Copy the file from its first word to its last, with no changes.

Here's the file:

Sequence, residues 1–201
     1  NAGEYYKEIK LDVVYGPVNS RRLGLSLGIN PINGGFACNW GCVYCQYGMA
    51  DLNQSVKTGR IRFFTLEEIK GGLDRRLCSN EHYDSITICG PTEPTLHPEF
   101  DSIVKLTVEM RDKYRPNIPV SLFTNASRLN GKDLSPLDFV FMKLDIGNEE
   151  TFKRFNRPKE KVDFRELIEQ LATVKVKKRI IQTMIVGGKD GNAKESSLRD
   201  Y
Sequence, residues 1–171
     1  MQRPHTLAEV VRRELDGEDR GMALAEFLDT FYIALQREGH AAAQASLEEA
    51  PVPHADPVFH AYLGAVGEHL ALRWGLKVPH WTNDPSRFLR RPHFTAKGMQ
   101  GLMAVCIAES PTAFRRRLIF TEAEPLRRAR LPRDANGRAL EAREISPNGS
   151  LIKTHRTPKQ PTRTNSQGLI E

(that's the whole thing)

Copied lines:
Sequence, residues 1–201
     1  NAGEYYKEIK LDVVYGPVNS RRLGLSLGIN PINGGFACNW GCVYCQYGMA
    51  DLNQSVKTGR IRFFTLEEIK GGLDRRLCSN EHYDSITICG PTEPTLHPEF
   101  DSIVKLTVEM RDKYRPNIPV SLFTNASRLN GKDLSPLDFV FMKLDIGNEE
   151  TFKRFNRPKE KVDFRELIEQ LATVKVKKRI IQTMIVGGKD GNAKESSLRD
   201  Y
Sequence, residues 1–171
     1  MQRPHTLAEV VRRELDGEDR GMALAEFLDT FYIALQREGH AAAQASLEEA
    51  PVPHADPVFH AYLGAVGEHL ALRWGLKVPH WTNDPSRFLR RPHFTAKGMQ
   101  GLMAVCIAES PTAFRRRLIF TEAEPLRRAR LPRDANGRAL EAREISPNGS
   151  LIKTHRTPKQ PTRTNSQGLI E